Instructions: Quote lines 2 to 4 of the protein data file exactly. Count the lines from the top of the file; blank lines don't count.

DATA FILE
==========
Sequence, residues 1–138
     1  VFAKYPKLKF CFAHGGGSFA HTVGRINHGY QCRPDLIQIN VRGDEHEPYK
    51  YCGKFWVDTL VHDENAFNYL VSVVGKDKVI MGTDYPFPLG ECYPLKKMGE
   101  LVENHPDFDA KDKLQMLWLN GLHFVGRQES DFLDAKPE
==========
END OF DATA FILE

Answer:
     1  VFAKYPKLKF CFAHGGGSFA HTVGRINHGY QCRPDLIQIN VRGDEHEPYK
    51  YCGKFWVDTL VHDENAFNYL VSVVGKDKVI MGTDYPFPLG ECYPLKKMGE
   101  LVENHPDFDA KDKLQMLWLN GLHFVGRQES DFLDAKPE